Tuesday – May 3, 2016 (20160503)

[tabs slidertype=”top tabs”] [tabcontainer] [tabtext]Level 1[/tabtext] [tabtext]Level 2[/tabtext] [tabtext]Level 3[/tabtext] [tabtext]Level 4 Rx[/tabtext] [tabtext]Motivation[/tabtext] [tabtext]Strength[/tabtext] [tabtext]Strategy[/tabtext] [/tabcontainer] [tabcontent]

[tab]Level 1

5 Rounds:

400m Run

14 Box jumps

14 DB snatch

*** I was very hesitant to make the green 400. instead of 600m…. If you choose to do the green be sure you know why, it’s a 1000m difference in work, which in the grand scheme of this workout is not much… are you sure you don’t want to just do the 600?

Having recently finished the onramp is the only good reason I could think of.


[tab]Level 2

5 Rounds:

600m Run

20 Box jumps 16”

20 DB snatch 30/15


[tab]Level 3

5 Rounds:

600m Run

20 Box jumps 20”

20 DB snatch 40/25#


[tab]Level 4

5 Rounds:

600m Run

20 Box jumps 24/20”

20 DB snatch 50/35#


You guys are awesome.

Yesterday’s workout reminded me of something that Justin wrote a few years ago, I managed to find the old post from 2014:

“On Friday night we observed an act of Integrity by Denny.  He finished “Jackie” and posted his time on the board.  It was the fastest time of the day.  He beat me by just a few seconds.  “Jackie” is one of my favorite workouts and I don’t like to lose.  While I did not see Denny’s workout I did not question his time.  He is incredible on the row and has been working on both his thrusters and pull ups.  What surprised me was hearing from Coach Pat that shortly after Denny had written his time on the board he realized that he did not complete the workout correctly.  Denny only did 40 thrusters versus the prescribed 50.  He not only took his time off the board but he redid the workout.  Doing the workout twice in a row did not help his time.  He still managed one of the fastest times of the day.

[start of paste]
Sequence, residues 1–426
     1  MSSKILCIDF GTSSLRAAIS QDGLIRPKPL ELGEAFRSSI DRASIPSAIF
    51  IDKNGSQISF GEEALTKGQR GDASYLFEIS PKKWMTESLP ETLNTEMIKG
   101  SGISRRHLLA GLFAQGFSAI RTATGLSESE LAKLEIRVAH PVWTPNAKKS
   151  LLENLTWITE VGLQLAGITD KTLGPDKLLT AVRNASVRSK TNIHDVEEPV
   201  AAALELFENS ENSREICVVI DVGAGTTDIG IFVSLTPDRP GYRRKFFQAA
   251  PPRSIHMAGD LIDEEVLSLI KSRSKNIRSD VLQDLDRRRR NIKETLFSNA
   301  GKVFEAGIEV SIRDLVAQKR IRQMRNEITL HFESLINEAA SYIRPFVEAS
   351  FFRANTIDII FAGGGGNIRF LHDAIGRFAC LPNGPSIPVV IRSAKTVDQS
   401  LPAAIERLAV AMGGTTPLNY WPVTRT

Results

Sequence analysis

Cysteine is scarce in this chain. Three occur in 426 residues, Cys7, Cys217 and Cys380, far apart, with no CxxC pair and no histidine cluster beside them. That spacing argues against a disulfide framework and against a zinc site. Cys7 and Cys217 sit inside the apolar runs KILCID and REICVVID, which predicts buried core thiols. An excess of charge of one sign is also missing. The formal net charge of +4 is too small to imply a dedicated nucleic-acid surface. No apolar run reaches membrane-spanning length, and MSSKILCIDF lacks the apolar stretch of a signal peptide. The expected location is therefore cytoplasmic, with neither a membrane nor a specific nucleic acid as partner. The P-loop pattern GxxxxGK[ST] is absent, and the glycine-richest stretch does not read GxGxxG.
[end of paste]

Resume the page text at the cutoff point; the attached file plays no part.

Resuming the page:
I admire Denny’s work ethic and his commitment to making himself better.  He is fiercely competitive and doesn’t like to lose but most importantly he is not willing to compromise his dignity.  This is an example we could all use to better ourselves.  Coming to Mission CrossFit we all have the same goal. To be better.  It is not about the time you are able to post on the board.  It is about whether you are completing the movement better than you ever have before.  It is about being stronger and faster.  It is having better agility and balance.  It is about doing things we never thought we would do again or ever be able to do.
I catch kids in our youth program all the time not completing the correct amount of repetitions because they are embarrassed about being left behind.  I always make it a teaching point to pull these kids aside and explain to them the importance of being honest with themselves and having integrity.  No real surprise we as adults have the same issues as the kids.  We don’t want to be left behind.  We don’t want to be the last one done.  We don’t want to be beat by someone that we once could consistently beat.  Every workout we do is an exercise in Integrity.  It is very easy to not complete the full amount of reps or count reps that we know should not have counted because our chin didn’t go high enough or the wall ball did not reach the target.
Just like in the kids class, the coaches notice, and more importantly your peers notice.  Unlike the kids class, we ask you to post your score on the board.  Please do not post times that are not a reflection of actual work done.  This creates uneasy feelings for those working out with you.  Trust and honesty are essential to building relationships.  Mission CrossFit fosters a community and environment that encourages people to be their best.  The scores on the board are meant for you.  They do not really matter as compared to other peoples’.  What matters is that your technique is improving.  There are several benchmark workouts that I do today that have lower scores than when I did them a few years ago.  This is because my early scores did not have good technique.  My scores today are an accurate expression of full range of motion.  Don’t worry about other people.  Be motivated by others to improve, but do not compromise your standards for the perception of keeping up.  Denny had a huge victory on Friday and earned more respect than any score on the board could have ever given him.  Being awesome is not about how many people you can beat in a workout.  Being awesome is giving your best.”
-Justin Yee
August 4th, 2014



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